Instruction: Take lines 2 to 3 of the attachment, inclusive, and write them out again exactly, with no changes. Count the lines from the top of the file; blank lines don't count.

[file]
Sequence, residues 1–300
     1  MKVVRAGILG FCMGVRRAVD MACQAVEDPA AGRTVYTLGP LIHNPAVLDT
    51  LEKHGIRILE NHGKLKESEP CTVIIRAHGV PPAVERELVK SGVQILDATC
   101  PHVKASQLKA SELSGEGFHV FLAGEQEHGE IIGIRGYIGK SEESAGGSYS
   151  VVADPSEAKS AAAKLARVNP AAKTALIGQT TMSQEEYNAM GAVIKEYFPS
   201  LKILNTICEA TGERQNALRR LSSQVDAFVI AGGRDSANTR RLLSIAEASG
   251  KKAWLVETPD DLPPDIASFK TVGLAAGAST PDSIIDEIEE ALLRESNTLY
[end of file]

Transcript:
     1  MKVVRAGILG FCMGVRRAVD MACQAVEDPA AGRTVYTLGP LIHNPAVLDT
    51  LEKHGIRILE NHGKLKESEP CTVIIRAHGV PPAVERELVK SGVQILDATC